(The entrance to Lam Tsuen)
So this past week I jumped over from my aunts place to another cousins house for Chinese New Years. Her dad was kind enough to drive us to “Lam Tsuen” which is located in Tai Po in New Territories. Lam Tsuen is most known for their “wishing Tree” and similar to the flower markets I visited earlier, Lam Tsuen had there own special festival for New Years and a lot of people from both Hong Kong and Mainland China were there to celebrate. My cousin told me that the new wishing tree was made of plastic along with the oranges that you throw on to the tree with your wish, and the reason why it is now plastic is because the real tree couldn’t sustain the weight of of the oranges and snapped in half. I chose not to make a wish because there were a lot of people and it was getting crowded by the minute.
As this was also a festival, there were “festival” food also. This stand was selling fried quail eggs and it tasted like normal fried eggs but on a stick. We walked a round a bit more and found this pagoda housing really pretty lanterns and the 12 zodiac animals. My aunt told me that the chicken is extremely lucky this year so let’s hope that is the case.
There were also stands selling lucky/peace charms. My aunt bought one for each of us and it’s supposed to keep us safe from danger.
On our way out, the festival also had some of the New Years Parade floats on display. It was cool to see the floats in person as I watched the parade on TV instead of in person at Tsim Tsa Tsui!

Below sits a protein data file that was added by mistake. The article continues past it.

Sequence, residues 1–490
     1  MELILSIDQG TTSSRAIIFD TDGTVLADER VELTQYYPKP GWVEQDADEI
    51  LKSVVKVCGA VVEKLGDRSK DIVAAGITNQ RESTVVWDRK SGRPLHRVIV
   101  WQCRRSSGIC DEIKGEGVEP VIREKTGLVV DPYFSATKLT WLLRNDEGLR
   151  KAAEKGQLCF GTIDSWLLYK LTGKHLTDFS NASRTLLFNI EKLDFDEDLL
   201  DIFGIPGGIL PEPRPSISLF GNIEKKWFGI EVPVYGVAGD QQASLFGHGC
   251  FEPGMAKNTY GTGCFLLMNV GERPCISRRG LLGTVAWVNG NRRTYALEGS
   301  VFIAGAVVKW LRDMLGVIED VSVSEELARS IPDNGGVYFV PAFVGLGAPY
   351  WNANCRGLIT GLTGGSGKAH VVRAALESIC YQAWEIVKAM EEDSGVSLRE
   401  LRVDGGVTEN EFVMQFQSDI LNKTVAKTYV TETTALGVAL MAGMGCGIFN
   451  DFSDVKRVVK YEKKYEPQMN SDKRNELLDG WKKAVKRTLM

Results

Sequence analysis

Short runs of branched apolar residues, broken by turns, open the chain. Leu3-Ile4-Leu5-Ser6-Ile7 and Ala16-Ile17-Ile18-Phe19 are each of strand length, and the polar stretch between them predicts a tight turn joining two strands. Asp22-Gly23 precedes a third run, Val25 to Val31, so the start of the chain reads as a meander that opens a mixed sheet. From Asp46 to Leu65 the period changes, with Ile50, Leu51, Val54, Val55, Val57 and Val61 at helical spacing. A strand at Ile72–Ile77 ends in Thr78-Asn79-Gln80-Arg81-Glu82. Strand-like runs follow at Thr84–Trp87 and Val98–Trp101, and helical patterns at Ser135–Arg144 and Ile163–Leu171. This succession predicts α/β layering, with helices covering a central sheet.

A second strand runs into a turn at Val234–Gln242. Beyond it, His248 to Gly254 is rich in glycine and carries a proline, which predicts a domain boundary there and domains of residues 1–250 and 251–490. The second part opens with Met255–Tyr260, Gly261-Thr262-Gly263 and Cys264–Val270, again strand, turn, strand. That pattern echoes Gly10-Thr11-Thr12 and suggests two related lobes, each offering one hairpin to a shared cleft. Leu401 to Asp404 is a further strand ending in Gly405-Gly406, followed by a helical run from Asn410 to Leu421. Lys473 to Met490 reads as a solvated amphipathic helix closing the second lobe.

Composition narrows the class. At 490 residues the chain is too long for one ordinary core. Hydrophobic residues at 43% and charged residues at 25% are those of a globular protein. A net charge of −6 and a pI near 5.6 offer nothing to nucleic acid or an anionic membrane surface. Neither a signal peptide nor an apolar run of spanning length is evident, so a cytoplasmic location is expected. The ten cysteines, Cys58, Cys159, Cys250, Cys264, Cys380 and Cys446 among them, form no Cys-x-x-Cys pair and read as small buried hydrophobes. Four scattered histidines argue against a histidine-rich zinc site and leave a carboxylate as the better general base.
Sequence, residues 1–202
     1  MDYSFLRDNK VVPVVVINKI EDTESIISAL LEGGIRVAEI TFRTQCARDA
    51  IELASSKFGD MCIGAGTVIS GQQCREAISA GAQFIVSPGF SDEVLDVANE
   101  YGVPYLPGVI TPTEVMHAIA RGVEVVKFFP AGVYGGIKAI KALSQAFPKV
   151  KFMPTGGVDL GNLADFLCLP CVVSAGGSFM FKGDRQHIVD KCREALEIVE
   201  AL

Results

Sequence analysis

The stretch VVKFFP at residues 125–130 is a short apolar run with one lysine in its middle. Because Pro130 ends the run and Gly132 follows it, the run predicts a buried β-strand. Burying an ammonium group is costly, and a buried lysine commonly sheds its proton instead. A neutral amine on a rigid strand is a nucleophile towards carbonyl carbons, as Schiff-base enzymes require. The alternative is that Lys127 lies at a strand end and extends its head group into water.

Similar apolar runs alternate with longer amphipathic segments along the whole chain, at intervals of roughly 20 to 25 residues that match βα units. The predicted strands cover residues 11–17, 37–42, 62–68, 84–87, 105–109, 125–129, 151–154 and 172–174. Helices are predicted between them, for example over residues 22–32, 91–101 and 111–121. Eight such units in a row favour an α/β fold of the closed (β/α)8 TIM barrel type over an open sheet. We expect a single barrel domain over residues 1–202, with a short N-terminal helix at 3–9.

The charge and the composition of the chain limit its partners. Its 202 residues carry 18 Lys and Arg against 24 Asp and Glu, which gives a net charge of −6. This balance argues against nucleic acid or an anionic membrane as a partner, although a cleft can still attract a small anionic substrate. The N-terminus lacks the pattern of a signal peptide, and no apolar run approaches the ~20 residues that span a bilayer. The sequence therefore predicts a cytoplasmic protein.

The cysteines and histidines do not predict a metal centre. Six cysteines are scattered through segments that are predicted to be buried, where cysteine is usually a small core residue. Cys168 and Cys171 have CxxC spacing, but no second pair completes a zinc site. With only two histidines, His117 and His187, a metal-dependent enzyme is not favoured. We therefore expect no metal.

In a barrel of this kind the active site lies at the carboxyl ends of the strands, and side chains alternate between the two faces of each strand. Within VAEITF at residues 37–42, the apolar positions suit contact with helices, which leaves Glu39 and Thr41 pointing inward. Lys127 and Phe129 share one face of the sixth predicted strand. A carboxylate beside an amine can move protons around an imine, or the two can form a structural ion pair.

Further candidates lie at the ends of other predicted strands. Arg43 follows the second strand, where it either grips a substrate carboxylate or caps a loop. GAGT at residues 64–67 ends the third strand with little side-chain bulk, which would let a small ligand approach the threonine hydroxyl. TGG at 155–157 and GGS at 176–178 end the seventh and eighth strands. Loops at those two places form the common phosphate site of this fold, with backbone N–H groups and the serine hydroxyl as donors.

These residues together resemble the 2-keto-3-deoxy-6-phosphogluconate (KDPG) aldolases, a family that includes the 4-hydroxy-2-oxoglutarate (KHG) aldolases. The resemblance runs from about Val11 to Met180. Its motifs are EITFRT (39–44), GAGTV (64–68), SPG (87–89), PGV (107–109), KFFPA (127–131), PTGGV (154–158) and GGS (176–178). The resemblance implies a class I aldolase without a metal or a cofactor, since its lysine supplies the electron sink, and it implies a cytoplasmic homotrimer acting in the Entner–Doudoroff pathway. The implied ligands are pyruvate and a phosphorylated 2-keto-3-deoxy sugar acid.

As I spent half of my week with cousins around my age, it meant I spoke Cantonese the majority of the time. Even though HKBU is a Hong Kong university, the majority of the classes are taught in English and are not reserved just for exchange students (which I found out through my cousin is 100% normal). So I haven’t had many situations to interact with others (other than ordering food etc.) in full on Cantonese conversations. Being with them allowed me to have these conversations and made me realize that I have a hard time expressing myself. My cousins would be talking about a subject, but I would process everything they say at a slower speed, and I would also respond slower or not even at all because the topic would have switched by then. This made me realize that this might be how a non-native English speaker must feel like when they’re having conversations with fluent speakers. On another note, after coming back to the dorms after not speaking English for a week, it feels weird to speak English. Some times I would forget that my room mate doesn’t understand Cantonese and say phrases in Cantonese to her (and she gives me a really confused look). I definitely need to find a balance between the two languages within myself.